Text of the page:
;; meaning: This file is to be processed with the SBCL assembler,
;; not COMPILE-FILE. (Note that this doesn't make sense unless
;; :NOT-HOST is also set, since the SBCL assembler doesn't exist
;; while the cross-compiler is being built in the host ANSI Lisp.)
;; meaning: The #'COMPILE-STEM argument called :IGNORE-FAILURE-P
;; should be true. (This is a KLUDGE: I'd like to get rid of it.
;; For now, it exists so that compilation can proceed through the
;; legacy warnings in src/compiler/x86/array.lisp, which I've
;; never figured out but which were apparently acceptable in CMU
;; CL. Eventually, it would be great to just get rid of all
;; warnings and remove support for this flag. -- WHN 19990323)
(defparameter *stems-and-flags* (read-from-file "build-order.lisp-expr"))
(defmacro do-stems-and-flags ((stem flags) &body body)
(let ((stem-and-flags (gensym "STEM-AND-FLAGS")))
`(dolist (,stem-and-flags *stems-and-flags*)
(let ((,stem (first ,stem-and-flags))
(,flags (rest ,stem-and-flags)))
;;; Given a STEM, remap the path component "/target/" to a suitable
;;; target directory.
(defun stem-remap-target (stem)
(let ((position (search "/target/" stem)))
(subseq stem 0 (1+ position))
(subseq stem (+ position 7)))
;;; Determine the source path for a stem.
(defun stem-source-path (stem)
(concatenate 'string "" (stem-remap-target stem) ".lisp"))
;;; Determine the object path for a stem/flags/mode combination.
(defun stem-object-path (stem flags mode)
;; On some xc hosts, it's impossible to LOAD a fasl file unless it
;; has the same extension that the host uses for COMPILE-FILE
;; output, so we have to be careful to use the xc host's preferred
(concatenate 'string "."
(pathname-type (compile-file-pathname stem)))))
(:target-compile (values *target-obj-prefix*
(if (find :assem flags)
(concatenate 'string obj-prefix (stem-remap-target stem) obj-suffix)))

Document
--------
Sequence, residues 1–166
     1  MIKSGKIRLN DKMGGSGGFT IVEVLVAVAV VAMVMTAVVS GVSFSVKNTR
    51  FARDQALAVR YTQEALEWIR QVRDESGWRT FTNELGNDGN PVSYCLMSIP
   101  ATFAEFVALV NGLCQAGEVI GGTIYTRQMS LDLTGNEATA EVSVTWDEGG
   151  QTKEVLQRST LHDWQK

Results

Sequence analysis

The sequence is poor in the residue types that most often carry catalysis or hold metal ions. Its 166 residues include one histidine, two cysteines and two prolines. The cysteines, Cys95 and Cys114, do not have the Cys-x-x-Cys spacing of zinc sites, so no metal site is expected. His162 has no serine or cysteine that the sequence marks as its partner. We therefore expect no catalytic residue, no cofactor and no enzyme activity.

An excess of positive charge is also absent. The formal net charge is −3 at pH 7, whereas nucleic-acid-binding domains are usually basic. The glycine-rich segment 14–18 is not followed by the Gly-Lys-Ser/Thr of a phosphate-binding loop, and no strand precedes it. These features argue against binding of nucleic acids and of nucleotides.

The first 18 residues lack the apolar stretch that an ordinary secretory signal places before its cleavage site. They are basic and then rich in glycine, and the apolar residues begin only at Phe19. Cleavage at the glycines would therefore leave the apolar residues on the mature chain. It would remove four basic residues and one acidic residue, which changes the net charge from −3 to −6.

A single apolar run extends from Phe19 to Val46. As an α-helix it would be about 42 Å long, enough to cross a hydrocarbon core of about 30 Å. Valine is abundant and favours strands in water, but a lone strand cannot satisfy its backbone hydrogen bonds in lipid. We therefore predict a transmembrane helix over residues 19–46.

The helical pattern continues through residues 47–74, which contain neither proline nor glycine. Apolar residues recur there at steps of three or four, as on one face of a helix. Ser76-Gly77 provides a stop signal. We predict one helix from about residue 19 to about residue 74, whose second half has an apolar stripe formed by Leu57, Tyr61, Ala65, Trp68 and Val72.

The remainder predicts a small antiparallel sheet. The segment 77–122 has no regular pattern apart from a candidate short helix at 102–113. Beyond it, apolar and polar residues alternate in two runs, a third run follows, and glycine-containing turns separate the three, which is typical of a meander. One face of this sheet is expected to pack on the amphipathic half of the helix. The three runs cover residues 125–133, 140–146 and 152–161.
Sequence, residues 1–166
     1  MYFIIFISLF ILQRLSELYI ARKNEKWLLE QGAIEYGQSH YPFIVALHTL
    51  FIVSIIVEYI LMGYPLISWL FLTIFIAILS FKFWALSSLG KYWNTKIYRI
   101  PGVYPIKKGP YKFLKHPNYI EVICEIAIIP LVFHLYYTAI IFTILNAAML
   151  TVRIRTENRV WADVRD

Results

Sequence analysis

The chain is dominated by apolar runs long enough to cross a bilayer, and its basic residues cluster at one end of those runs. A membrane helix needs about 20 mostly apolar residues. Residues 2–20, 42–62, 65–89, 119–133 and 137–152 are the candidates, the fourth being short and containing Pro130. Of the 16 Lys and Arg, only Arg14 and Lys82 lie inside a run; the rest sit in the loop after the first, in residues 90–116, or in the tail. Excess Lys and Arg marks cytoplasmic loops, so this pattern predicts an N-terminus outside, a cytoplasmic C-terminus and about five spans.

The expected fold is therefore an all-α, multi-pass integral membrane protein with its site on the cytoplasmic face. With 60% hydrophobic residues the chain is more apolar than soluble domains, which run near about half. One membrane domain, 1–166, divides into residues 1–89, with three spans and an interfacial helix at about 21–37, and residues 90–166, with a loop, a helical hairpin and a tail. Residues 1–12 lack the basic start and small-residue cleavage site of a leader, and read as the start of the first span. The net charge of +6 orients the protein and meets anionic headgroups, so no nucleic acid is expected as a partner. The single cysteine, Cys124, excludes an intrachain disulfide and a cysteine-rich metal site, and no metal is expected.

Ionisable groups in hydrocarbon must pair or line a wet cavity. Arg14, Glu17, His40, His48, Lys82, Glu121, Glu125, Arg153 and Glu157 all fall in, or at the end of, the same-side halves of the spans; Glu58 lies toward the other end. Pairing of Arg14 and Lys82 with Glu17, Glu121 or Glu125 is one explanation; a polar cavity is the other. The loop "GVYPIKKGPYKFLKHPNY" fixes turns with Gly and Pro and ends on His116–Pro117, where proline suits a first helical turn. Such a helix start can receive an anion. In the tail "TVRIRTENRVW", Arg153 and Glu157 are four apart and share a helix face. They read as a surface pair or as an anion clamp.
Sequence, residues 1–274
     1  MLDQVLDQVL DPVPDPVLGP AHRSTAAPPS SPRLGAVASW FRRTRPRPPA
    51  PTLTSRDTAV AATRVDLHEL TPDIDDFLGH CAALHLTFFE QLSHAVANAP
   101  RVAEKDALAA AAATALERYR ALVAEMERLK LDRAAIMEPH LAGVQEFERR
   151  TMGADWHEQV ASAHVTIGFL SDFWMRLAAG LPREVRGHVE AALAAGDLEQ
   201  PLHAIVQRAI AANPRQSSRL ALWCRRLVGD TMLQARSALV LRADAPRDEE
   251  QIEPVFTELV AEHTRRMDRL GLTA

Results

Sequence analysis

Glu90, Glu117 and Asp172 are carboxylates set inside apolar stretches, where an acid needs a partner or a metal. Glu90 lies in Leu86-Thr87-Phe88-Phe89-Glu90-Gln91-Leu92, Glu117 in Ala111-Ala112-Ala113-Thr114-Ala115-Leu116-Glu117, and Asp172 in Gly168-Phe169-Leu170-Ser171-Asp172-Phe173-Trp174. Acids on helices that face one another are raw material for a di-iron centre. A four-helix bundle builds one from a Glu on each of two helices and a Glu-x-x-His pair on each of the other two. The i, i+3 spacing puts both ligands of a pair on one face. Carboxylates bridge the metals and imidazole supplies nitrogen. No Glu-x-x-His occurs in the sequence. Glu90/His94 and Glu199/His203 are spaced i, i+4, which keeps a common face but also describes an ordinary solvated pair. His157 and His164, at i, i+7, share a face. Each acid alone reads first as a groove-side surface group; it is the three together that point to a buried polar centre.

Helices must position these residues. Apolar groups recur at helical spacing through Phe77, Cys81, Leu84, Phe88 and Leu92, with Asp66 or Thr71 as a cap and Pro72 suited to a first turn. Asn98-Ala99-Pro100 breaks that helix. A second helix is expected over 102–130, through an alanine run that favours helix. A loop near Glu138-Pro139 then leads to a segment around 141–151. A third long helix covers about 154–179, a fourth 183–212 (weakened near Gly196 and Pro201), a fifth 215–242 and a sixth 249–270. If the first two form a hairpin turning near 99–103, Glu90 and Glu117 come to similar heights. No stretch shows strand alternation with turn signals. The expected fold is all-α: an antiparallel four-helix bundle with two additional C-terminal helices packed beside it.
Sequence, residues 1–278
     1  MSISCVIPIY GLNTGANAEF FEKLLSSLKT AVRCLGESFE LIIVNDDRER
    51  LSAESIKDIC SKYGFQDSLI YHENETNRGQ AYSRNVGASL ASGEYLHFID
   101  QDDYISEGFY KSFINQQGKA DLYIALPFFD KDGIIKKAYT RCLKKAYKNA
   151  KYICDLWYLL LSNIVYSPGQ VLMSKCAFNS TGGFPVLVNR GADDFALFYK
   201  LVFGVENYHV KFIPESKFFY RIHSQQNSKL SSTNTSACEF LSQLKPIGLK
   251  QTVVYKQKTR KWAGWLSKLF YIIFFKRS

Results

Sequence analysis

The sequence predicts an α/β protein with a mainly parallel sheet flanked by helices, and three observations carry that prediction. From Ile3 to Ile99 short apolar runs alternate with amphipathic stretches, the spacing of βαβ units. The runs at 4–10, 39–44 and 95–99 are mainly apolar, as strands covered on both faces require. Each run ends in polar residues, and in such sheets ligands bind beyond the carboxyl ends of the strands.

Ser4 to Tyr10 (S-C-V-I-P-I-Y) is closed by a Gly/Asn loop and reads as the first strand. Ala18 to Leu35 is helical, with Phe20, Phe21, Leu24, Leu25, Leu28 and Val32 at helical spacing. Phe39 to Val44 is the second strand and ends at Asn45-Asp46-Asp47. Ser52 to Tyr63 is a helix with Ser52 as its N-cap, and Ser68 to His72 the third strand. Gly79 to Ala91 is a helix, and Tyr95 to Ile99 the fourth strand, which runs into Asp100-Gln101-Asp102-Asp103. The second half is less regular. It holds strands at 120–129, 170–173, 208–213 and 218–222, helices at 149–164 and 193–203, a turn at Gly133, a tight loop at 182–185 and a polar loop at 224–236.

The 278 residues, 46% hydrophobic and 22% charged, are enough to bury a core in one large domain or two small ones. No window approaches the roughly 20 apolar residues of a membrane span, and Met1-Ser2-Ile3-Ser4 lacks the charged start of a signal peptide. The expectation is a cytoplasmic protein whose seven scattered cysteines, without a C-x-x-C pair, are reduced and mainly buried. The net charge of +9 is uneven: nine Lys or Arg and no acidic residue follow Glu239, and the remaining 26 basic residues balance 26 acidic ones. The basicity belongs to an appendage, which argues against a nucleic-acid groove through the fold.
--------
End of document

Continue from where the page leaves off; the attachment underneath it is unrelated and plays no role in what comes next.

;;; Check for stupid typos in FLAGS list keywords.
(let ((stems (make-hash-table :test 'equal)))
(do-stems-and-flags (stem flags)
;; We do duplicate stem comparison based on the object path in
;; order to cover the case of stems with an :assem flag, which
;; have two entries but separate object paths for each. KLUDGE:
;; We have to bind *target-obj-prefix* here because it's normally
;; set up later in the build process and we don't actually care
;; what it is so long as it doesn't change while we're checking
;; for duplicate stems.
(let* ((*target-obj-prefix* "")
(object-path (stem-object-path stem flags :target-compile)))
(if (gethash object-path stems)
(error "duplicate stem ~S in *STEMS-AND-FLAGS*" stem)
(setf (gethash object-path stems) t)))
;; FIXME: We should make sure that the :assem flag is only used
;; when paired with :not-host.
(let ((set-difference (set-difference flags *expected-stem-flags*)))
(error "found unexpected flag(s) in *STEMS-AND-FLAGS*: ~S"
;;;; tools to compile SBCL sources to create the cross-compiler
;;; a wrapper for compilation/assembly, used mostly to centralize
;;; the procedure for finding full filenames from "stems"
;;; Compile the source file whose basic name is STEM, using some
;;; standard-for-the-SBCL-build-process procedures to generate the
;;; full pathnames of source file and object file. Return the pathname
;;; of the object file for STEM.
;;; STEM and FLAGS are as per DO-STEMS-AND-FLAGS. MODE is one of
;;; :HOST-COMPILE and :TARGET-COMPILE.
(defun compile-stem (stem flags mode)
(let* (;; KLUDGE: Note that this CONCATENATE 'STRING stuff is not The Common
;; Lisp Way, although it works just fine for common UNIX environments.
;; Should it come to pass that the system is ported to environments
;; where version numbers and so forth become an issue, it might become
;; urgent to rewrite this using the fancy Common Lisp PATHNAME
;; machinery instead of just using strings. In the absence of such a
;; port, it might or might be a good idea to do the rewrite.
;; -- WHN 19990815
(src (stem-source-path stem))
(obj (stem-object-path stem flags mode))
(tmp-obj (concatenate 'string obj "-tmp"))